The Winners of the Aga Khan Award for Architecture 2019
The Aga Khan Award for Architecture could be termed a “group prize”because unlike other architecture awards, the prize is not just reserved for architects, but also clients, local bodies and everyone from builders to artisans, involving all those who have played an important part in completing the project. The prizes are awarded and celebrated every three years in a different place. On 29th August in Kazan, Russia, the six winning projects of the 2019 edition, chosen from among 20 finalists, were announced.. The jury was made up of nine important figures in international architecture and the arts, including architectsMeisa Batayneh founder and architect of Maisam Architects & Engineers, Sir David Chipperfield architect and founder of the studio of the same name, Elizabeth Diller founding partner and architect of Diller Scofidio + Renfro, Kareem Ibrahim an Egyptian architect and researcher, Nondita Correa Mehrotra architect and head of the Charles Correa Foundation; lecturers Edhem Eldem from the University of Boğaziçi (Istanbul), Mona Fawaz from the Issam Fares Institute of Public Policy and the American University di Beirut, Ali M. Malkawi from Harvard University’s Graduate School of Design and director and founder of the Harvard Center for Green Buildings and Cities; and finally the Anglo-Ghanaian philosopher Anthony Kwamé Appiah.
The jury chose six very different projects and the winners will share the 1 million dollar prize money. Here they are in detail.
The Palestinian Museum in Birzeit, Palestine, designed by the Heneganh Peng Architects studio. The jury liked how this stone building blended with the natural landscape, using a vernacular language with modern geometric forms, in a perfect balance of local traditions and technology.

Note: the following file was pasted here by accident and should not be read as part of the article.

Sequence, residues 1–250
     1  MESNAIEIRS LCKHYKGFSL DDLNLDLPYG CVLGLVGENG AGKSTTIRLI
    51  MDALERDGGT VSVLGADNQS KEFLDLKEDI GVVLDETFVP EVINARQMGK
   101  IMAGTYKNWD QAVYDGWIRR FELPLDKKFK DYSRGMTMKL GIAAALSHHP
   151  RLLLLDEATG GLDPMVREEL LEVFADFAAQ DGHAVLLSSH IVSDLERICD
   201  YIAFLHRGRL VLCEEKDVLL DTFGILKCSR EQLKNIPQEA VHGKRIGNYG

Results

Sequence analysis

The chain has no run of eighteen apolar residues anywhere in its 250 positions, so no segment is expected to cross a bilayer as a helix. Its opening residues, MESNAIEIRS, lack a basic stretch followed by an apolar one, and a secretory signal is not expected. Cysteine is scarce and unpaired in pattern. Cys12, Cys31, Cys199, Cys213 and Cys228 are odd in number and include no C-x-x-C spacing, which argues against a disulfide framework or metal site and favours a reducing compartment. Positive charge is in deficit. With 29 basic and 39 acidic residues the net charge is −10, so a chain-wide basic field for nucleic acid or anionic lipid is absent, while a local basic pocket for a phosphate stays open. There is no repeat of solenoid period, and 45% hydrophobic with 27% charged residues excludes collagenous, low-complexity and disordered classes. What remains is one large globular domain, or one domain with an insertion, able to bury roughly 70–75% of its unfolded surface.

The programme to revitalise Muharraq in Bahrain, a UNESCO world heritage site and the subject of a series of restauration and conservation projects. “Pearling Path, Testimony of an Island Economy” is the general name of a programme that has highlighted the history of pearl trading in the city, improving infrastructures and creating community and cultural spaces.
The Arcadia Education Project designed by architectSaif Ul Haque Sthapati and created in South Kanarchor, Bangladesh, is an extendable, modifiable school structure that can adapt to the environment. It is “amphibious” architecture that rises according to the level of the river, allowing the building to be continuously used throughout the year. It is a low-cost project with an innovative social and technical approach, which respects the environment it was designed for.
TheWasit Wetland Centre is a centre for biodiversity and environmental education designed by X-Architects and built in Sharjah, in the United Arab Emirates. It is a collaborative project that is an example of architectural excellence and a profound commitment to the environment.
The new conference centre ofAlioune Diop University in Senegal, designed by the IDOM studio from Bilbao, has already been presentedin the pages of Floornature.
The public space development programme in the Republic of Tatarstan, Russia, ensures spaces of the same environmental quality for all Tatar citizens and helps restore a sense of belonging. It is a wide-ranging project implemented in 33 villages and 42 cities, taking into account the historical context and the identity of each place, as well as the involvement of small local businesses.
Images courtesy of Aga Khan Award for Architecture, credit photo:
(1-6; 11-13) © Aga Khan Trust for Culture / Cemal Emden (photographer)
(7) © Dylan Perrenoud
(8-10) © Aga Khan Trust for Culture / Sandro di Carlo Darsa (photographer)
(14-16) © Aga Khan Trust for Culture / Chérif Tall (photographer)
(17) © Ivan Petrov
(18 -19) © Daniil Shvedov